Readers at Madison College and across the city are eagerly preparing for a presentation by Ibram Kendi on his book "How to Be an Antiracist," which the college will host Nov. 4 in collaboration with the annual Wisconsin Book Festival.
About 30 book clubs at the college have been holding weekly discussions of the best-selling book, said Jimmy Cheffen, assistant to the vice president of the college's Office of Equity, Inclusion and Community Engagement. Cheffen said the book was a particularly timely choice after the school’s board of trustees approved a resolution in July denouncing systemic racism and recommitting to support students of color.
“Equity and inclusion has always been a priority,” Cheffen said. “The book is just a part of all of it. People think they read the book and go out and save the world — we know that’s not the case. Our goal is just that we want people to start talking about it and their experience.”
About 2,700 people have already registered for the event, which will be held virtually. Lucía Nuñez, vice president of Equity, Inclusion and Community Engagement, said in a news release Oct. 2 that the event will “address disparities that hurt our students and community so we can move beyond awareness to actions that eradicate inequities."
Cheffen said the first step in finding the right book and speaker for the event was figuring out who can help develop Madison College’s goals for equity and inclusion. He said Kendi, a leading speaker on anti-racism, was a “great choice” to develop a long-time commitment to these issues.
Ro Enciso, a student support advisor who has been co-facilitating the book clubs, said the discussions have helped him process the book, which he called a more challenging read than some past years’ choices. He said it has been an opportunity for both him and the students to “learn together” about difficult subjects.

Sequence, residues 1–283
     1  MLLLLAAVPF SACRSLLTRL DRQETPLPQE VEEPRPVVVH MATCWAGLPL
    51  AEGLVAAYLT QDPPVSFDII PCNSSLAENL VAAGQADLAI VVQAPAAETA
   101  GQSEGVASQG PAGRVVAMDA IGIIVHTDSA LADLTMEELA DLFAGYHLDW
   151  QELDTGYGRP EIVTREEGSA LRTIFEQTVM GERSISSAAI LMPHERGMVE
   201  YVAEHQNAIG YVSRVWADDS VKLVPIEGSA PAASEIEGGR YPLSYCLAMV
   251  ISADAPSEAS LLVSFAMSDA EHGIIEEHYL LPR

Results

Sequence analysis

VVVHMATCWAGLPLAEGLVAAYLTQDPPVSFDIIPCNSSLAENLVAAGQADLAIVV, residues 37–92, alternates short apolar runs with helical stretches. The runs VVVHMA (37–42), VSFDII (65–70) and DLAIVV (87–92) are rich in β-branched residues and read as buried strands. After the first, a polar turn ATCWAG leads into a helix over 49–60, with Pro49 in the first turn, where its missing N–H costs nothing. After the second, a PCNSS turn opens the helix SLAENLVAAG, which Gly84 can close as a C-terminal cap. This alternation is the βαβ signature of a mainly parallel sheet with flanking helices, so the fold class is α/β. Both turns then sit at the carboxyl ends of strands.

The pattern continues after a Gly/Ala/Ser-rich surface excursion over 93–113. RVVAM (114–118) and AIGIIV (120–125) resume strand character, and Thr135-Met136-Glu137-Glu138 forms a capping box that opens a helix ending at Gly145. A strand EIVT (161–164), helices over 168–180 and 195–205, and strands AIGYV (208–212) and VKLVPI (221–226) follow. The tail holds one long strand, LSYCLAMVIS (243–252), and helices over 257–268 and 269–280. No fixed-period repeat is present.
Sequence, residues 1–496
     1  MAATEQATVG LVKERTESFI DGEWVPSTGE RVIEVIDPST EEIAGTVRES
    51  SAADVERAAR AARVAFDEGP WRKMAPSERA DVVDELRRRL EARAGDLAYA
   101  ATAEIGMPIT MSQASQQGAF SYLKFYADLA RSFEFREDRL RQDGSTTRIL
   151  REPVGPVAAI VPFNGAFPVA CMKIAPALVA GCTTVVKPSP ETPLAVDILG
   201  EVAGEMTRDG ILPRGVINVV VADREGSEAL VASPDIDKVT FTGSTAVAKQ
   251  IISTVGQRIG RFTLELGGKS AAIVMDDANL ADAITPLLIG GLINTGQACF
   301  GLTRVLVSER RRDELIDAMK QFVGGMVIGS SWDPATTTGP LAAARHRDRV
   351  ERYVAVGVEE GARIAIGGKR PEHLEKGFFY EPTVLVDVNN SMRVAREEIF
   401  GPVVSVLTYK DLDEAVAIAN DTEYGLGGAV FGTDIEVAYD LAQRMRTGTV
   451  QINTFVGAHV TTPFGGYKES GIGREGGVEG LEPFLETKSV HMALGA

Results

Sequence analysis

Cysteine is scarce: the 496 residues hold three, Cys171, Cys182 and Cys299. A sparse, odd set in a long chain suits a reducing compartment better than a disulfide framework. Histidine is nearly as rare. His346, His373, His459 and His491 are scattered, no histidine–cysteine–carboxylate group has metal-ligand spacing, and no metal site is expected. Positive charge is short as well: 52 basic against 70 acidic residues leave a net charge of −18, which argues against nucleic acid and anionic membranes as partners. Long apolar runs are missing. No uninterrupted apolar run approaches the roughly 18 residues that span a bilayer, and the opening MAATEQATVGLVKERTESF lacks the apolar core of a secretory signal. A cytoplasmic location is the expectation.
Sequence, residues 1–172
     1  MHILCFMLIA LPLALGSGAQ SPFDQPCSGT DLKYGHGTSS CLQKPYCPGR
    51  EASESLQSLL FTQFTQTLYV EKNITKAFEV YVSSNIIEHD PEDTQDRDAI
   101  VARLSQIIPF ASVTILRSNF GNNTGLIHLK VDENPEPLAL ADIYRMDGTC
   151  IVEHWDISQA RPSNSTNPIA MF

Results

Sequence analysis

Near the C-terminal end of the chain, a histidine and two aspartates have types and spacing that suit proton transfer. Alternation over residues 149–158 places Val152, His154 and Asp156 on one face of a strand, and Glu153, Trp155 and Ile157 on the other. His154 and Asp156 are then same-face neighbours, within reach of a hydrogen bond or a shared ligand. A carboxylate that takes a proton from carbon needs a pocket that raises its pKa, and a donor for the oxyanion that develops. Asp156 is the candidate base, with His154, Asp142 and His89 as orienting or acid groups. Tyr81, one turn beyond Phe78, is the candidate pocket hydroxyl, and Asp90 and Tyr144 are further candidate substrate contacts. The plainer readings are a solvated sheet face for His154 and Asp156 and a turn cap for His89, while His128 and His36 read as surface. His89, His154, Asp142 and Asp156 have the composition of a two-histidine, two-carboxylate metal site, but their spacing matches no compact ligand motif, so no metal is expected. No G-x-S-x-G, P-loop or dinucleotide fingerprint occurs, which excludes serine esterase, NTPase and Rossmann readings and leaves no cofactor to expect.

“I appreciate Dr. Kendi’s not only historical perspective on what has happened regarding race ... in our country, but also that personal story aspect to it,” Enciso said. “A lot of times the stories are where a lot of students see themselves.”
Despite the virtual format, Cheffen said the event will be no different from past years, citing Madison College’s strong focus on online learning and programming.
The event will take place one day after the Nov. 3 presidential election, which Cheffen said was initially an accidental choice but one that “worked out perfectly,” adding an extra layer of thoughtfulness to the conversation. Brianna Stapleton Welch, a student program advisor and the book club’s other co-facilitator, added that this year offers an apt opportunity to discuss Kendi’s book, which details how his views on race have evolved throughout adulthood.
“That’s been really interesting to me because, for me and some of the students in the book club, this is one of our times to evolve,” Stapleton Welch said. “I appreciate that Kendi reminds us that it doesn’t matter how old you are or where you are in your life experience, that there’s room to change that perspective and incorporate more information.”